Zootaxa | Year: 2011

Sixteen species of Uropodina were found in samples of soil mites from Vietnam, in the Institute of Soil Biology of the Biology Centre AS CR (Èesk Budìjovice, Czech Republic) and the Soil Zoology Collections of the Hungarian Natural History Museum (Budapest, Hungary). Five of them are known species - Angulobaloghia vietnamensis (Kontschán, 2008), Metagynella vietnamensis Hiramatsu, 1981, Uroobovella similitakensis Hirschmann, 1981, Uroobovella topali Hirschmann, 1981, and Uropoda hirschmanni Hiramatsu, 1977. Eleven species are described as new - Trachytes vietnamensis sp. nov., Dinychus serratus sp. nov., Trichouropoda aspera sp. nov., Uroobovella oviformis sp. nov., Uroobovella multisetosa sp. nov., Paradinychus pilosus sp. nov., Phymatodiscus kuni sp. nov., Uropoda setata sp. nov., Uropoda lichenicola sp. nov., Angulobaloghia scrobia sp. nov. and Depressorotunda (Depressorotunda) alveolata sp. nov. The genus Paradinychus is resurrected and three species are moved into this genus, as P. sumatrensis (Vitzthum, 1921) comb. nov. and P. fistulata (Hiramatsu, 1982) comb. nov. Keys to the species of the genus Paradinychus, to the Asian species of Trachytes and to the Uropoda spiculata species group are given. Copyright © 2011.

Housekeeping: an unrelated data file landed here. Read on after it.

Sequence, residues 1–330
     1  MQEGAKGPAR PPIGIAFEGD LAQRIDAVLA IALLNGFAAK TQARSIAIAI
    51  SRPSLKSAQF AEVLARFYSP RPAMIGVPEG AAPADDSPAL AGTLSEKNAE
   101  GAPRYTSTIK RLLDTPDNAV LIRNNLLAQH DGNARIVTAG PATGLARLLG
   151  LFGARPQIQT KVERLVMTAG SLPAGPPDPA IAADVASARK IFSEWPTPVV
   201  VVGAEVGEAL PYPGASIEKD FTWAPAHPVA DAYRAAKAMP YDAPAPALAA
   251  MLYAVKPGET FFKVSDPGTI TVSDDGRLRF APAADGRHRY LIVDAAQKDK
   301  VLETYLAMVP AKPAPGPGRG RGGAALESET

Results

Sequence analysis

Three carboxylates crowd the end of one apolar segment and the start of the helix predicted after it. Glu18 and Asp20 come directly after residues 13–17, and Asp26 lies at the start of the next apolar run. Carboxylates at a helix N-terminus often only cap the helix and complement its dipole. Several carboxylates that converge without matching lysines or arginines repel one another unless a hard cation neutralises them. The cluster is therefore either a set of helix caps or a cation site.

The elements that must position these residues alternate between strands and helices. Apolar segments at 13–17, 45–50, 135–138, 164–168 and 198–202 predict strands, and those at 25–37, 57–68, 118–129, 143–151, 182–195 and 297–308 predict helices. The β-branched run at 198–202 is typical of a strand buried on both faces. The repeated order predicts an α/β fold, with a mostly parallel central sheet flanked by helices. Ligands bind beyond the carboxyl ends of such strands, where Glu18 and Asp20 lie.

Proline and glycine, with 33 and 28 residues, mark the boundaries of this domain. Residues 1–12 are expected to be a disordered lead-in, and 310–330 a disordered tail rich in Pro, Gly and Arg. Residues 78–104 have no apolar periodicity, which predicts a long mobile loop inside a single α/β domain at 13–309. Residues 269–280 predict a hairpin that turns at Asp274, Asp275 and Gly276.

Gereben O.,Hungarian Academy of Sciences | Petkov V.,Central Michigan University
Journal of Physics Condensed Matter | Year: 2013

A new method to fit experimental diffraction data with non-periodic structure models for spherical particles was implemented in the reverse Monte Carlo simulation code. The method was tested on x-ray diffraction data for ruthenium (Ru) nanoparticles approximately 5.6 nm in diameter. It was found that the atomic ordering in the ruthenium nanoparticles is quite distorted, barely resembling the hexagonal structure of bulk Ru. The average coordination number for the bulk decreased from 12 to 11.25. A similar lack of structural order has been observed with other nanoparticles (e.g. Petkov et al 2008 J. Phys. Chem. C 112 8907-11) indicating that atomic disorder is a widespread feature of nanoparticles less than 10 nm in diameter. © 2013 IOP Publishing Ltd.

Baranyi P.,Hungarian Academy of Sciences
IEEE Transactions on Fuzzy Systems | Year: 2014